Written by Billy Bureaucrat
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Topics: Hospital, Irish

Thursday, 24 August 2006

image for Irish Psychiatrist Discovers Terrorist Gene
Professor Thick Casty

Up to 15% of Irish people have terrorist thoughts and the single most important factor associated with such thoughts is a frustrated mood, according to Professor Thick Casty, Consultant Psychiatrist at the Madder Hospital in Dublin.

Professor Casty made her comments at the launch of Frustration Awareness Week Nationwide (FAWN), the annual awareness campaign of Frustration Support Organisation, Beware.

The theme of this year's event, which runs until September 11, is 'Fight terrorism: treat frustration'.

Around 300,000 people are affected by frustration in Ireland at any one time, unfortunately, less than one in four people get adequate help.

Chemical changes take place in the brain which cause frustration - key molecules called neurotransmitters do not work correctly or they are present in the wrong amounts.

According to Professor Casty, there is a huge volume of research to substantiate the idea that terrorism and frustration are 'intimately connected', indeed we are presently undertaking biochemical research to confirm the existance of a terrorist gene.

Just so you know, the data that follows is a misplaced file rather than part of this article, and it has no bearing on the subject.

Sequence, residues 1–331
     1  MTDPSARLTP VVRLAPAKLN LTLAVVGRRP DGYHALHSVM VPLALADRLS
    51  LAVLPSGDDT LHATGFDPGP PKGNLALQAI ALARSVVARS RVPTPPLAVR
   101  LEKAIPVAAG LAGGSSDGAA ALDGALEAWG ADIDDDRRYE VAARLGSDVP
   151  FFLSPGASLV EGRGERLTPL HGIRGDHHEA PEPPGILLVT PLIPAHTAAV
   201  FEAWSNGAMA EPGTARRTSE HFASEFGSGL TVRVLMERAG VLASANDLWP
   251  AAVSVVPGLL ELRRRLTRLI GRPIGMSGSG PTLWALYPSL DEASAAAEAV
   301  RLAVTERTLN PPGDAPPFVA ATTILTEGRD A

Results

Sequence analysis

Prof Casty continued "sometimes there is no trigger for frustration, something which can add to the guilt people affected feel because they believe they should have a reason for the illness.

"Around 50% of people do not have a trigger or risk factors for frustrative illness", she said. "The outcome for those who get treatment is very good.

It is also important to be aware too that anti-frustratant medications are not addictive". The newer anti-frustratants also begin working much faster, within days, compared with older treatments.

These medicines also help ‘re-wire' the brain so that thinking processes work better.

She said that there are many myths surrounding the treatment of frustration including the mistaken belief that taking anti-frustratants is a sign of weakness.

"By treating frustration appropriately, we will help those who would otherwise become terrorists", Professor Casty explained.

However she also emphasised that not everyone who feels happy or normal needs anti-frustratants and these drugs 'are not an intervention for those who are just bad, genuinely mad or have political inclinations.

Professor Casty finished her address with the comforting thought that "encourage those who are frustrated to seek appropriate Psychiatric treatment, we will truly help the war on terror and avert further acts of global frustration",

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